The City Council has agreed to pay $80,000 to settle a federal sex discrimination suit brought by former City Manager Laverta S. Montgomery, who claimed that she was fired in 1986 after spurning a marriage proposal from Councilman Robert L. Adams.
Montgomery, who became city manager in 1982 after having worked 11 years in a variety of Compton city government jobs, had filed a $1-million suit against the city, Adams and the two other councilmen who voted to oust her for alleged excessive absenteeism.
Adams has vigorously denied Montgomery's accusation.
The council voted 4 to 1 on Tuesday to accept the settlement, which was negotiated by City Atty. Wesley Fenderson Jr.
Mayor Walter R. Tucker, who joined Adams and council members Floyd A. James and Jane D. Robbins to approve the settlement, said he "just can't see not having compensation for somebody who worked that long for the city.
"I think this is the best way out," Tucker continued. "It's like a divorce--somebody's got to give and I am not going to be vindictive."
Adams agreed with Tucker, calling Montgomery an "asset to the community."
"I might (think) that the allegations (in the suit) are trivial," Adams said. But then he added, "I would like to see (Montgomery) employed by the city now. Maybe not as city manager, but in some other capacity."
Councilman Maxcy D. Filer voted to oppose the settlement, calling it a "gift of the taxpayers' money.
"I don't see why we are settling," Filer said. "There is no merit to her lawsuit. (Montgomery) was terminated for just cause."
Adams, Filer and James formed the majority when the council voted to oust Montgomery, who was paid $73,452 annually and had received a raise, a vote of confidence and a three-year contract extention only four months before her sudden termination.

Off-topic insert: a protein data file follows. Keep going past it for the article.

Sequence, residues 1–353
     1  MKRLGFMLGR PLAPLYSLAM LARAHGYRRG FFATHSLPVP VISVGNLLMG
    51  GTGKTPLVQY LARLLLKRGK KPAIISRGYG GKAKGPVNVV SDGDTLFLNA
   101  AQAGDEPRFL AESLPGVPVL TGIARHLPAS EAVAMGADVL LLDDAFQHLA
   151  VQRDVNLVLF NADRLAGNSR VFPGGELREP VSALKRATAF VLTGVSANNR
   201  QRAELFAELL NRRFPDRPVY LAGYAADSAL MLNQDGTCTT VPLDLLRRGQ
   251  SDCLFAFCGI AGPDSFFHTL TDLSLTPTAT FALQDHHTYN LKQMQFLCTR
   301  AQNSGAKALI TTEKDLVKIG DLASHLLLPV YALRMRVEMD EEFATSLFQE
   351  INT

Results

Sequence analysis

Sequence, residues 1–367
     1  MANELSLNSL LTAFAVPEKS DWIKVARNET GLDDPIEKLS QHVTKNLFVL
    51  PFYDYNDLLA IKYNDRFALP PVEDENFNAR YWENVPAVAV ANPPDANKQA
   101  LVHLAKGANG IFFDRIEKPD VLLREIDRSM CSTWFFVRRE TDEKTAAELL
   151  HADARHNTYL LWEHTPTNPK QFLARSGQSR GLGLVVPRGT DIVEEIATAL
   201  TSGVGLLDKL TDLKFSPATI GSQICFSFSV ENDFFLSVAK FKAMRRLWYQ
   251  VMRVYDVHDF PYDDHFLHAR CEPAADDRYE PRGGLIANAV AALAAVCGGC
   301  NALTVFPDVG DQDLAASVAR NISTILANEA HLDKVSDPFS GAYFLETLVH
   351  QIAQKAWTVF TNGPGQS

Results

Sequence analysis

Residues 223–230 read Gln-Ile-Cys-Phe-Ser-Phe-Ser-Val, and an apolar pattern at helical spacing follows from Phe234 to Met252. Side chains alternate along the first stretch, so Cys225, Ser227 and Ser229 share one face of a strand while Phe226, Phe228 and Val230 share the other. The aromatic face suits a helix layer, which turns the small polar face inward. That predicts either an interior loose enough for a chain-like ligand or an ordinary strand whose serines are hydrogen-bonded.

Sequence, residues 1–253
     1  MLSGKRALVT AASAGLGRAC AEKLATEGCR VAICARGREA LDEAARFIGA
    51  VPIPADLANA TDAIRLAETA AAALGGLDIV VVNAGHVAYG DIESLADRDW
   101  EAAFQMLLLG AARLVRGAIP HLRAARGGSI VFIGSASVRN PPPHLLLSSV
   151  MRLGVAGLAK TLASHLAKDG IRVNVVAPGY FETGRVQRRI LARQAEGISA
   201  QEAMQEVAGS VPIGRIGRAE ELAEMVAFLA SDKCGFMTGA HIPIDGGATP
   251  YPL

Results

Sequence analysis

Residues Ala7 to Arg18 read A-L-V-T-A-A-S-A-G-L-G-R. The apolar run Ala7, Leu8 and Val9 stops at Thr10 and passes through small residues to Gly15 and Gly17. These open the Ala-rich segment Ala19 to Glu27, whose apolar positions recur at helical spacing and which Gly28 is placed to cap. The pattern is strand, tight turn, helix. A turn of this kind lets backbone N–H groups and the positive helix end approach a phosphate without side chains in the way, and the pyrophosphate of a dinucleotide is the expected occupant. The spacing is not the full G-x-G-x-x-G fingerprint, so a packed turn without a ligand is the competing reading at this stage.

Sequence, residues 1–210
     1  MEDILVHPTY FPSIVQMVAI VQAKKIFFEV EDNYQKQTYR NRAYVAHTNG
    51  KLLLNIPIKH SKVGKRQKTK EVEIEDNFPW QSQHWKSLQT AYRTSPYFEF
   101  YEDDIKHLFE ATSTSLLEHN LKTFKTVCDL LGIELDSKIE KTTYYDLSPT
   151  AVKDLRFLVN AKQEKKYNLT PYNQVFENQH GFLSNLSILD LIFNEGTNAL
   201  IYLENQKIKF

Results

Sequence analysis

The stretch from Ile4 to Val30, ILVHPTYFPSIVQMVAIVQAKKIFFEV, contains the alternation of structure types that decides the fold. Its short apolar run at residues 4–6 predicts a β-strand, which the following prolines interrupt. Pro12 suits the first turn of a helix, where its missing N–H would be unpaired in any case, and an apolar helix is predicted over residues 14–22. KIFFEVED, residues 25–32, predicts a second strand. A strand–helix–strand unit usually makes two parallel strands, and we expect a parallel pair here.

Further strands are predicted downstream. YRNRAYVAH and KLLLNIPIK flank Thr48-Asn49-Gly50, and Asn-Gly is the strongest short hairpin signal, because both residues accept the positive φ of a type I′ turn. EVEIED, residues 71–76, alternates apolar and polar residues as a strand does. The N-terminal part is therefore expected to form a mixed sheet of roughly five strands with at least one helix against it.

It was unclear as to whether the settlement includes the three councilmen, but Filer said if it does he has no plans to accept it.
Fenderson said he recommended that the city settle because it would have a weak case if the suit had gone to trial. He said that there was scant documentation to back up the city's claims.
"We are all aware of (Montgomery's) attendance," Fenderson said. "But when you defend against a lawsuit you must make more than just statements. . . . Nobody takes record of the city manager's attendance."
Montgomery, 51, had previously received $54,701 in payments for her accrued vacation and sick pay.
"I don't feel we owed her anything," Filer said. "How could she have accrued vacation and sick time when she wasn't even here?"
But Fenderson said the city controller's records showed that to be the amount she was owed.
"Even if a person is not committed to a job, it's easy to build up that much vacation time," Fenderson said.
Things became heated when at one point Filer tried to reply to Fenderson's comments. Tucker became angry with the councilman, telling Filer that he had already spoken for "15 minutes."
But when Filer insisted on speaking, Tucker said, "If you want to make a jackass out of yourself, go on ahead."
Montgomery was unavailable for comment. She remains a member of the California Lottery Commission.